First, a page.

In order to demonstrate students are being well-educated in MMSD schools compared to other school districts, the overall pattern we would expect to see is students coming into the district (at MMSD Year 0) with a relatively nondescript distribution, and as the years in MMSD increase, the distribution becomes increasingly skewed left, as described above.
Comment on the Histograms
The Histograms show that students at MMSD demonstrate much less progress in Math than in Reading as measured by the WKCE. This should not be surprising given the general math and science illiteracy in the US (approaching 95% by some measures) in the adult population and the TIMSS and PISA score comparisons of American students with international students over many years. But, further, members of the administration I have talked to indicate that MMSD is focused mostly on reading and putting much less emphasis on mathematics.
The second impression is that students scoring at Minimum or Basic in Math remain in these two subgroups throughout their years at MMSD. Likewise, students scoring Proficient or Advanced in Math remain in these subgroups. Further, MMSD students seem not to be progressing from Proficient to Advanced; the percentage of students at the Advanced level generally remains lower than the percentage at Proficient. Both these observations perhaps illustrate the current and damaging attitude that in Math, you either have it or you don’t.
4th Grade WKCE Scores
In Math, we see an increasingly skewed left distribution involving Basic, Proficient and Advanced. This is good, showing that these kids are moving up the scale toward competence. However, students at Minimal remain stuck; the histograms show MMSD is making little progress for kids at the Minimal competency level and this remains true regardless of how many years the students are attending MMSD schools.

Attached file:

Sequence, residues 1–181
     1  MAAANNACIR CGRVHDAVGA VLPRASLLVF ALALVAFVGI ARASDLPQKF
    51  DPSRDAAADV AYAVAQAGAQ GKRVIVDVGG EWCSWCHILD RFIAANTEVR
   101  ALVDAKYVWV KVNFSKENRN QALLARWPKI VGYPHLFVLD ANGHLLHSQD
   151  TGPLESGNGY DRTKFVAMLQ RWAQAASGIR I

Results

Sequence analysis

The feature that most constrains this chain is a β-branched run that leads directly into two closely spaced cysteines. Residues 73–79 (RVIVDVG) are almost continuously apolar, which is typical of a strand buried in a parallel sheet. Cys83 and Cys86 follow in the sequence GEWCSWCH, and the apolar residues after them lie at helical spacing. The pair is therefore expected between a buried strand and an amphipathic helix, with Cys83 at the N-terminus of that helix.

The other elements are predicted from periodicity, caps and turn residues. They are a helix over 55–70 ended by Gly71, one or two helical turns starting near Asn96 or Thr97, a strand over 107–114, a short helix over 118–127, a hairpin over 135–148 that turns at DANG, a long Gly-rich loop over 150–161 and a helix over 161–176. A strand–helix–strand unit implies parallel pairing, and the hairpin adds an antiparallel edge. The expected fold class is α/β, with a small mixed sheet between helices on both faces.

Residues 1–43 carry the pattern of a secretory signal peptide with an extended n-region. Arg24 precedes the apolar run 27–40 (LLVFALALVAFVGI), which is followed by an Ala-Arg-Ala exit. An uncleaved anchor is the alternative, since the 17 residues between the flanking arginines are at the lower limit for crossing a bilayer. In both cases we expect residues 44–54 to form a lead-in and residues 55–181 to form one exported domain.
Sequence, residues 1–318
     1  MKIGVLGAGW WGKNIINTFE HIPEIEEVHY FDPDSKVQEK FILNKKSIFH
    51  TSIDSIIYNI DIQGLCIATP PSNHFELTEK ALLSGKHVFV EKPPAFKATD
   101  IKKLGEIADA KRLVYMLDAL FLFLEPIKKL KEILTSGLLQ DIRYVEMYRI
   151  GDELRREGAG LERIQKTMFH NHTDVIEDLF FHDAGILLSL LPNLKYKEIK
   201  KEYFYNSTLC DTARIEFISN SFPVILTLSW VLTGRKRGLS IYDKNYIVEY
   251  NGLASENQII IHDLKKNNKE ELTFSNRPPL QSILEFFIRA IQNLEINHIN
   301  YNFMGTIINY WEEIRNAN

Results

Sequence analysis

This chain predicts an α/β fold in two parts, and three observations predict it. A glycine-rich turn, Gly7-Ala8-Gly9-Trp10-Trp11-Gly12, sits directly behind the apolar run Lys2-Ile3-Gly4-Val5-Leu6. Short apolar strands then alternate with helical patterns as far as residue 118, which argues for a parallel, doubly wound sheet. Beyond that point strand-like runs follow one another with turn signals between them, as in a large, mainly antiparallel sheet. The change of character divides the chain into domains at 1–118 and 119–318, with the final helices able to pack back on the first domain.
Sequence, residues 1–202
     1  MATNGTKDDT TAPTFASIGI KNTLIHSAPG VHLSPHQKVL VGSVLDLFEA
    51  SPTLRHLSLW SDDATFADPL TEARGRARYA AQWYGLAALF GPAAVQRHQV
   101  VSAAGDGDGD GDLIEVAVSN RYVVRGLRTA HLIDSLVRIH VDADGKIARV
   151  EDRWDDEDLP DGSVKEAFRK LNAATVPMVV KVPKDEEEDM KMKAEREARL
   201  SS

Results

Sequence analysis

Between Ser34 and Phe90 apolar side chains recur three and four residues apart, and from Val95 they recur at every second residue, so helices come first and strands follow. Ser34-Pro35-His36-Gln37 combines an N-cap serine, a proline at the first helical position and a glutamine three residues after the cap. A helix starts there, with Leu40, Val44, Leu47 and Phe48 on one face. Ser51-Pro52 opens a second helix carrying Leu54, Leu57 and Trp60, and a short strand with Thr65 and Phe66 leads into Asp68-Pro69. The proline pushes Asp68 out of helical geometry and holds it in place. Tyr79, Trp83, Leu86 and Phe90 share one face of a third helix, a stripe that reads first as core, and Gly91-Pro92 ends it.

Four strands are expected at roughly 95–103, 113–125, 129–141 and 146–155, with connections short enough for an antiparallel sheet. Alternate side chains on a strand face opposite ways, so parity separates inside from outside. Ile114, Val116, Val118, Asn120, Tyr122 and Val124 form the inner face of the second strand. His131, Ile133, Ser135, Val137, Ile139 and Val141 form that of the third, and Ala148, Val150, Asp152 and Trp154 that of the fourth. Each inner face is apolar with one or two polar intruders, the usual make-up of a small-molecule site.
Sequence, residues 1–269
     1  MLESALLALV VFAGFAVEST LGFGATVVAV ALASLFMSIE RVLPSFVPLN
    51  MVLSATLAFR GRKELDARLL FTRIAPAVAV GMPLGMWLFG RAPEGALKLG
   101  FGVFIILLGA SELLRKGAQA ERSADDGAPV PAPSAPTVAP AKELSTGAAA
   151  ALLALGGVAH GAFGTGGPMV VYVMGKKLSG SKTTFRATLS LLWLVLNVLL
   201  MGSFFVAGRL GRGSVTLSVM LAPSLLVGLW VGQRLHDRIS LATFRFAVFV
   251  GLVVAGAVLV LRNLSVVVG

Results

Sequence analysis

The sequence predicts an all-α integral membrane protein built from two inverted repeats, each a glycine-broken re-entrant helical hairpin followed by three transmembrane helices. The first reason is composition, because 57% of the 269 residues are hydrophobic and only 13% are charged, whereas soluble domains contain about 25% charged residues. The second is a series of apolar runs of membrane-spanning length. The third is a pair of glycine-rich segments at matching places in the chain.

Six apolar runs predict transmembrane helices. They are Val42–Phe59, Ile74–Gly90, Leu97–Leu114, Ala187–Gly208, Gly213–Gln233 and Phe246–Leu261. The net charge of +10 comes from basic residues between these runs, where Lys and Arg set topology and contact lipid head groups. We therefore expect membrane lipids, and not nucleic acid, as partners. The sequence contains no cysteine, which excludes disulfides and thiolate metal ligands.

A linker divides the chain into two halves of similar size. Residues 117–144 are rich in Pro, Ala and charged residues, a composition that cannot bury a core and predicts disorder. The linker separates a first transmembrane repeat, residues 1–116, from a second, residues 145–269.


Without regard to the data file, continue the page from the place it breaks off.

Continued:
In reading, MMSD’s data looks good. However, those entering MMSD for the first time (MMSD Years = 0) in 4th grade already show a reasonably skewed left distribution, implying to me that reading is being focused on relatively successfully in other districts. There is an anomaly for MMSD Years = 2. These kids entered MMSD in the 2nd grade and had only 20% scoring Advanced and 45% scoring Proficient; this is somewhat reversed for the others years. These students seem to have come from a different population.
8th Grade WKCE Scores
The 8th Grade Histogram sequence contains MMSD Years = 2 which are students entering MMSD in the 6th grade, the beginning of middle school. The histogram shows an almost Uniform distribution in both Math and Reading, with an ever so slight left skew involving Minimal, Basic and Proficient in Math. Not knowing what these former 6th graders’ scoring distribution was entering MMSD, it’s hard to determine MMSD’s contribution to these scores.